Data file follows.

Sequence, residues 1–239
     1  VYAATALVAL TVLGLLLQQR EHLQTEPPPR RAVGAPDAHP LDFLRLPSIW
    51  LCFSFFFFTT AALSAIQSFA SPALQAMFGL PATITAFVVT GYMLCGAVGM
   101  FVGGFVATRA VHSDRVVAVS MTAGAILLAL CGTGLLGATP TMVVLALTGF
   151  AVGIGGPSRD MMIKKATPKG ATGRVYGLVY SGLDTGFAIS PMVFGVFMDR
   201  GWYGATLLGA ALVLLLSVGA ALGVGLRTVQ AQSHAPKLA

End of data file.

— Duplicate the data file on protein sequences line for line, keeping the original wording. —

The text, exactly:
Sequence, residues 1–239
     1  VYAATALVAL TVLGLLLQQR EHLQTEPPPR RAVGAPDAHP LDFLRLPSIW
    51  LCFSFFFFTT AALSAIQSFA SPALQAMFGL PATITAFVVT GYMLCGAVGM
   101  FVGGFVATRA VHSDRVVAVS MTAGAILLAL CGTGLLGATP TMVVLALTGF
   151  AVGIGGPSRD MMIKKATPKG ATGRVYGLVY SGLDTGFAIS PMVFGVFMDR
   201  GWYGATLLGA ALVLLLSVGA ALGVGLRTVQ AQSHAPKLA